International Certification in Developing Countries: The Role of Internal and External Institutional Pressure
This paper examines the different internal and external institutional factors that affect the decision of businesses in developing countries to adopt international certification (IC). Past studies focus on pressure from international laws, the role of multinationals, and businesses mimicking practices of their counterparts in developed countries. This paper finds that, in addition to these external factors, internal factors may have a significant role. Even though environmental regulation is weak in developing countries, governments do not ignore industrial pollution and casualties. They respond by increasing bureaucratic regulations for businesses and this can affect the decision to adopt IC. Furthermore, internal pressure may come from workers' unions that push for a safe and healthy working environment.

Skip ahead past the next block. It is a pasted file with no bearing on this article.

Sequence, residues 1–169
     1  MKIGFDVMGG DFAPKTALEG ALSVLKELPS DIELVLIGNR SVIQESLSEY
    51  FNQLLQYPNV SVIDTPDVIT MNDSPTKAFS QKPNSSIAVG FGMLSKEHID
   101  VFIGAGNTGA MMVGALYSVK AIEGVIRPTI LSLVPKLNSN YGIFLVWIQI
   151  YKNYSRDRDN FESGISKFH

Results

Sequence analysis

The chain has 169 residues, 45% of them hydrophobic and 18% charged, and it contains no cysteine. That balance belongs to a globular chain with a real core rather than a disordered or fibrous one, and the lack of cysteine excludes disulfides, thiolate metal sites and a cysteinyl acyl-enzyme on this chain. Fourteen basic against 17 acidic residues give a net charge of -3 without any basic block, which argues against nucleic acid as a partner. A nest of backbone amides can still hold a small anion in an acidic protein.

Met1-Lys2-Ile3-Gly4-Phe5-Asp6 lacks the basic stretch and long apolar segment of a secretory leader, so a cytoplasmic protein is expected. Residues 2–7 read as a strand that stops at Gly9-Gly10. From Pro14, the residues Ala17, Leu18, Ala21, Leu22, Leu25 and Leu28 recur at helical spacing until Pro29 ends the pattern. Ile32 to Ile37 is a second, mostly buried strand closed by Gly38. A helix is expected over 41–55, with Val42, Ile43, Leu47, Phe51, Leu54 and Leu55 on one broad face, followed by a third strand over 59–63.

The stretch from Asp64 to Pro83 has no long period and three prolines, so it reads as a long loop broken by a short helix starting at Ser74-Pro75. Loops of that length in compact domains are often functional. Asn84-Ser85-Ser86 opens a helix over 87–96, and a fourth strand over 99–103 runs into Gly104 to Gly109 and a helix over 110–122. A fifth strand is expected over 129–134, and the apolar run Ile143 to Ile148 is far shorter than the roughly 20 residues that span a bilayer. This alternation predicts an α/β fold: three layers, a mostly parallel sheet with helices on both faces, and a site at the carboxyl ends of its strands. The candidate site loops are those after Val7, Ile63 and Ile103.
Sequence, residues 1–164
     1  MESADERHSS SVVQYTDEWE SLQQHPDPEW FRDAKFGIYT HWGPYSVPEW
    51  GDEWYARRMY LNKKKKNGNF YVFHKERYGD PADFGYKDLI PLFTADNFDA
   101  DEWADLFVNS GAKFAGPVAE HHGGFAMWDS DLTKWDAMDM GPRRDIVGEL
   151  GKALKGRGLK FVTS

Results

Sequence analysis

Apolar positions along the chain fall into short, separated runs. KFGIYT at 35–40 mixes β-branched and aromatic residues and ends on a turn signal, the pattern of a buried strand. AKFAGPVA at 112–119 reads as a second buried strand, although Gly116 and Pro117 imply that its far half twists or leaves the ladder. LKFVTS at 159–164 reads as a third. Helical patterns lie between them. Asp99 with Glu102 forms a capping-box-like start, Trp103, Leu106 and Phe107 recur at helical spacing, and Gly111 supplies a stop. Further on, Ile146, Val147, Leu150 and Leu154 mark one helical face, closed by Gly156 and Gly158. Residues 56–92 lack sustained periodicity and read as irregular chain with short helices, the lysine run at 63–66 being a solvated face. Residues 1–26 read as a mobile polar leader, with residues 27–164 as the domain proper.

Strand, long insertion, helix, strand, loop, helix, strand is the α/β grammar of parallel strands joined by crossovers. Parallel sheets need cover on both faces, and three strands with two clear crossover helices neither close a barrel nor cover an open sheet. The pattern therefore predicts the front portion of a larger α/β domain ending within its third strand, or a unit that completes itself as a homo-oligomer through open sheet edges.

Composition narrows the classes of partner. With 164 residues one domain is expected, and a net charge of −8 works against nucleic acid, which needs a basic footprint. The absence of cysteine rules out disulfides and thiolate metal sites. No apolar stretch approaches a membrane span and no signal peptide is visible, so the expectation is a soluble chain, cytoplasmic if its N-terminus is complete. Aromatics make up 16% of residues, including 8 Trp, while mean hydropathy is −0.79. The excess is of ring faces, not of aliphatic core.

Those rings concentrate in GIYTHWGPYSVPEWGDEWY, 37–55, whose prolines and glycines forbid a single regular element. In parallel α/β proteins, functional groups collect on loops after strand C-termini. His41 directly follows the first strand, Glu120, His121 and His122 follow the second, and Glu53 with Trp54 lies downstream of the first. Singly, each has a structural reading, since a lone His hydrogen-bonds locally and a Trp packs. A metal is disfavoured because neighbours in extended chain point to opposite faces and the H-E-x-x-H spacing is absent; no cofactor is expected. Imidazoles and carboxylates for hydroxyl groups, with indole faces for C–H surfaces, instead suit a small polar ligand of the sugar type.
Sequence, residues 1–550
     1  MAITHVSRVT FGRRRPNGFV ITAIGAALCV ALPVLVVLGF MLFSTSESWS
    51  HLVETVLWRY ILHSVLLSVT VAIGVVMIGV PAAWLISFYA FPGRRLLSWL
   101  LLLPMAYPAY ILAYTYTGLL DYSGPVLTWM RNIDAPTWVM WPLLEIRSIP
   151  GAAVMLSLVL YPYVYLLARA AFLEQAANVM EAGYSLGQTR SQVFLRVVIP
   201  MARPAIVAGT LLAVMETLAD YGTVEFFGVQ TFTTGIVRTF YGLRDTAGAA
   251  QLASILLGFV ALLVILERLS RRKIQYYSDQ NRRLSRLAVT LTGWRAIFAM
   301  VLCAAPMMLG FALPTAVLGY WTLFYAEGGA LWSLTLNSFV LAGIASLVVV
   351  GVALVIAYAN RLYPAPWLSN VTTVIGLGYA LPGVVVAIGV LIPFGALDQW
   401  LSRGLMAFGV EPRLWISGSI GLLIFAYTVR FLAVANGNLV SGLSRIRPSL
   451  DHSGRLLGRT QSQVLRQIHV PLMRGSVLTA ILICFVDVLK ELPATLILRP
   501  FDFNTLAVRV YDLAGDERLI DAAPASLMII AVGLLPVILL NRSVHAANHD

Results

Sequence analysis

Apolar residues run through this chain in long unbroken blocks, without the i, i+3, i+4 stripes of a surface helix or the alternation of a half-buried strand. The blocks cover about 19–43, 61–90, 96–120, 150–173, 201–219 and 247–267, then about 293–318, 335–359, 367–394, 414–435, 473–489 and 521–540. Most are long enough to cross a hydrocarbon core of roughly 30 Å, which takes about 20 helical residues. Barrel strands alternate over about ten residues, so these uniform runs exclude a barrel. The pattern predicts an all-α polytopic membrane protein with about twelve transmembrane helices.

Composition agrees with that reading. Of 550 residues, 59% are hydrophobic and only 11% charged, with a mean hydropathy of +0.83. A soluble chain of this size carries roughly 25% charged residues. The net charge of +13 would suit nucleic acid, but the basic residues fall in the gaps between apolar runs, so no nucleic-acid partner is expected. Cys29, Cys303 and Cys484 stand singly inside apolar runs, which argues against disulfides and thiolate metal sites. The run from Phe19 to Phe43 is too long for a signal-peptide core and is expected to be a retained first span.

Fikru, M. G. (2014). International Certification in Developing Countries: The Role of Internal and External Institutional Pressure. Journal of Environmental Management, 144, pp. 286-296. Academic Press.
The definitive version is available at https://doi.org/10.1016/j.jenvman.2014.05.030
Keywords and Phrases
Bureaucratic requirements; Environmental management practices; Environmental regulation; Industrial pollution; ISO 14001
International Standard Serial Number (ISSN)
Article - Journal
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01 Nov 2014